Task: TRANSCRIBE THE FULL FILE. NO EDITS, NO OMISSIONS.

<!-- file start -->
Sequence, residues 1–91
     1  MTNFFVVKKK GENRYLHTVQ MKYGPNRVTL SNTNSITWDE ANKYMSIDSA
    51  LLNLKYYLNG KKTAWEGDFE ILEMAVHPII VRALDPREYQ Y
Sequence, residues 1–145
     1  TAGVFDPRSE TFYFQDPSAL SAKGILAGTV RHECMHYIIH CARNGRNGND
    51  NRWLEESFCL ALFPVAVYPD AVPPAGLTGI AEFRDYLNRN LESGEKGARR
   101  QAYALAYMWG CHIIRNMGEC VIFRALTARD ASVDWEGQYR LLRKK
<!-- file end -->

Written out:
Sequence, residues 1–91
     1  MTNFFVVKKK GENRYLHTVQ MKYGPNRVTL SNTNSITWDE ANKYMSIDSA
    51  LLNLKYYLNG KKTAWEGDFE ILEMAVHPII VRALDPREYQ Y
Sequence, residues 1–145
     1  TAGVFDPRSE TFYFQDPSAL SAKGILAGTV RHECMHYIIH CARNGRNGND
    51  NRWLEESFCL ALFPVAVYPD AVPPAGLTGI AEFRDYLNRN LESGEKGARR
   101  QAYALAYMWG CHIIRNMGEC VIFRALTARD ASVDWEGQYR LLRKK